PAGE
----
Tuesday, April 23, 2013

Beaker burial


Archaeological excavations at CEMEX’s Kingsmead Quarry in Berkshire not far from Windsor have revealed a rare 'Beaker' burial of 'Copper Age' date (2500-2200 BC). Found within the grave were some of Britain’s earliest gold ornaments (five tubular beads), along with 29 bead fragments of amber and 30 beads of black lignite.
The burial contained the possible remains of a woman who was at least 35 years old. At the time of her burial, she wore a necklace containing small tubular sheet gold beads and black disc beads of lignite - a material similar to jet. A number of larger perforated amber buttons/fasteners were also found in a row along her body, which may indicate that she was wearing clothing, perhaps of patterned woven wool, at the time of her burial. Further lignite beads from near her hands suggest that she wore a bracelet.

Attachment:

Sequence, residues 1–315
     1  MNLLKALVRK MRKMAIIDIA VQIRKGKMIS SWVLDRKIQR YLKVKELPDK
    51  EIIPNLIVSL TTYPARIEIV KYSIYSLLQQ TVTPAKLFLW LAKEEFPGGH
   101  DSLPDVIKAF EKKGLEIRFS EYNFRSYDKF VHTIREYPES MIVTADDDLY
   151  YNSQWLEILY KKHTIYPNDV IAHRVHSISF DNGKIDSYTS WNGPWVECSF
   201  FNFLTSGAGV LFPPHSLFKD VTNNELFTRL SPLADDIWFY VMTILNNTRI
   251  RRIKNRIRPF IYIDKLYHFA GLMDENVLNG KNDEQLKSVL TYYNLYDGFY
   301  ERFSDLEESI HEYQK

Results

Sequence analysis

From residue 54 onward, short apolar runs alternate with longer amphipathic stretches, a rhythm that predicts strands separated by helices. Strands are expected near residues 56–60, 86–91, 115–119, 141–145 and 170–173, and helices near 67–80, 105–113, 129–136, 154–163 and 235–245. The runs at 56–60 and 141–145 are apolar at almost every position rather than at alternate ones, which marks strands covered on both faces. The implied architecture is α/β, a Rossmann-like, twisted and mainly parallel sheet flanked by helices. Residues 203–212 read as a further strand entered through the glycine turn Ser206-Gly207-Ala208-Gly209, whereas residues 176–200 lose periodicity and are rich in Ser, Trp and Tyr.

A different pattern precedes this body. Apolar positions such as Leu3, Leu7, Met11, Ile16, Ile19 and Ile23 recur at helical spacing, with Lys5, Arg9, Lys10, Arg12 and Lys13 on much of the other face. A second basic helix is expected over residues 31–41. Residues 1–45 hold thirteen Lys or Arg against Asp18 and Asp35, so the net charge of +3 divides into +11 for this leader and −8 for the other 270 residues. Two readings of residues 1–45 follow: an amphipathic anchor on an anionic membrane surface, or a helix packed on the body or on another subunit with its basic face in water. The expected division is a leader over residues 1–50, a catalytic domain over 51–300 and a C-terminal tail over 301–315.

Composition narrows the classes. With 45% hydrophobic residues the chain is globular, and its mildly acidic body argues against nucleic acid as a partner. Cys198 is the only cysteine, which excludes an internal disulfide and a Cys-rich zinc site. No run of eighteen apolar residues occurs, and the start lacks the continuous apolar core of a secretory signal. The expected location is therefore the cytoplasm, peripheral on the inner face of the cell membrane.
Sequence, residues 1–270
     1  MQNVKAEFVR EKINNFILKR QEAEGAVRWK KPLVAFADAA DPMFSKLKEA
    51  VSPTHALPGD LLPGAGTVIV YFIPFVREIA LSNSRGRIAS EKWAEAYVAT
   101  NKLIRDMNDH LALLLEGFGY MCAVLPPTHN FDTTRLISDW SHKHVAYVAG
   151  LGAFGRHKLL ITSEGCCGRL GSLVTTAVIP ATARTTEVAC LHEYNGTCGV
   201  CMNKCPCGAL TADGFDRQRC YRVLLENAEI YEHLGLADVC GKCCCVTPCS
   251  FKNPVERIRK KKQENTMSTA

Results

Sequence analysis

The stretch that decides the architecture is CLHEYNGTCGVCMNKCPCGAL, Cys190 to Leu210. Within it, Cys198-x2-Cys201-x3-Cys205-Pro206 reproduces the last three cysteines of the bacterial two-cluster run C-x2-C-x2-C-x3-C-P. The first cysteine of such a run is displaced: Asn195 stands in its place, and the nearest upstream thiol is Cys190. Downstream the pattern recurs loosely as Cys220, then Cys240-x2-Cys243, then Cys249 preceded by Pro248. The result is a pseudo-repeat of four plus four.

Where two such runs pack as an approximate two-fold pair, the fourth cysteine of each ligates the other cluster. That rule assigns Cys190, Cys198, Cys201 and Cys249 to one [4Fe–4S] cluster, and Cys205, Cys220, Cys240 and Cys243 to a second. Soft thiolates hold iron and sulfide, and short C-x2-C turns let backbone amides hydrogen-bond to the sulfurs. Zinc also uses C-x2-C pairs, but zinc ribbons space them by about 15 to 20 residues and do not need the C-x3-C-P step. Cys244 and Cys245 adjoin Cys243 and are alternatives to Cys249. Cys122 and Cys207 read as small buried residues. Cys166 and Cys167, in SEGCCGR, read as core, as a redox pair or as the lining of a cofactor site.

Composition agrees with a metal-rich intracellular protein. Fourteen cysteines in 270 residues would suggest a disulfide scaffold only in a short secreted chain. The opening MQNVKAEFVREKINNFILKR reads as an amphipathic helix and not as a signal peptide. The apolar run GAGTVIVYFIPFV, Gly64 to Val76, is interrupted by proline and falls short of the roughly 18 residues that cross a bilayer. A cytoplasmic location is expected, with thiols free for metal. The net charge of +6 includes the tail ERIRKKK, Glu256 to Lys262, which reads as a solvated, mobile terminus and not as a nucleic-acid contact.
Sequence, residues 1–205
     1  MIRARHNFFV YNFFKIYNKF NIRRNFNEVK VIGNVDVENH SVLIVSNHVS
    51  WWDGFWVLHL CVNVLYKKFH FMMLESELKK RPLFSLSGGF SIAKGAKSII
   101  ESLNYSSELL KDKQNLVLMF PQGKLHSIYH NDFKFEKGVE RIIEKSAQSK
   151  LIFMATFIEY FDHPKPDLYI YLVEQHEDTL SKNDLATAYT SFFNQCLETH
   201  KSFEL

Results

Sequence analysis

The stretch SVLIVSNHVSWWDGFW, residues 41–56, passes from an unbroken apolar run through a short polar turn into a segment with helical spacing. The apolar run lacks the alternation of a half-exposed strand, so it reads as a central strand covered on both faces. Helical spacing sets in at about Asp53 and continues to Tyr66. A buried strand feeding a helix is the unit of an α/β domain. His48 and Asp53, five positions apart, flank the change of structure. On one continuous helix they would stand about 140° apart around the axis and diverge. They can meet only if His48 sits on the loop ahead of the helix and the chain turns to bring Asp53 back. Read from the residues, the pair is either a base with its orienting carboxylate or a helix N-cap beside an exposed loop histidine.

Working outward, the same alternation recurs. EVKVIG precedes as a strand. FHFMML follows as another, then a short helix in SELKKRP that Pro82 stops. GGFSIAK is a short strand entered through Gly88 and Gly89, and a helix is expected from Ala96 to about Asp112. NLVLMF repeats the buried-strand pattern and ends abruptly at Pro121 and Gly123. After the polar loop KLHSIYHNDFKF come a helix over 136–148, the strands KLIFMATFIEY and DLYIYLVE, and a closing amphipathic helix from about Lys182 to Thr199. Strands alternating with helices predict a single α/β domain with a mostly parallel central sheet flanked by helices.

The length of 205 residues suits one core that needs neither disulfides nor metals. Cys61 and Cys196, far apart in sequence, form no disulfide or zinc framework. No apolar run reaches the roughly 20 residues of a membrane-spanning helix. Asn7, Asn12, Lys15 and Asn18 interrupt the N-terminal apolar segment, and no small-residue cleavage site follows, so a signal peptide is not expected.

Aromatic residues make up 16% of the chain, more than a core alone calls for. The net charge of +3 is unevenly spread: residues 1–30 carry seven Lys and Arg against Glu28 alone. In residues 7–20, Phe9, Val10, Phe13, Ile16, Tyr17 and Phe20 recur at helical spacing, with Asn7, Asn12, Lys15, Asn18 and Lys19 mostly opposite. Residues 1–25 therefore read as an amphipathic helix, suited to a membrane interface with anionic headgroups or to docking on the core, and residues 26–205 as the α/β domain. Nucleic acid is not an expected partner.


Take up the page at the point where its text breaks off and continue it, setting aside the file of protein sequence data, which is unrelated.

The woman’s burial represents an unusual and important find as only a small number of Beaker burials from Britain contain gold ornaments, and most are associated with male skeletons. It would appear that their religious beliefs dictate that most men were buried in a crouched position with the head resting to the north and facing east. With women the body position is often reversed with the head to the south.

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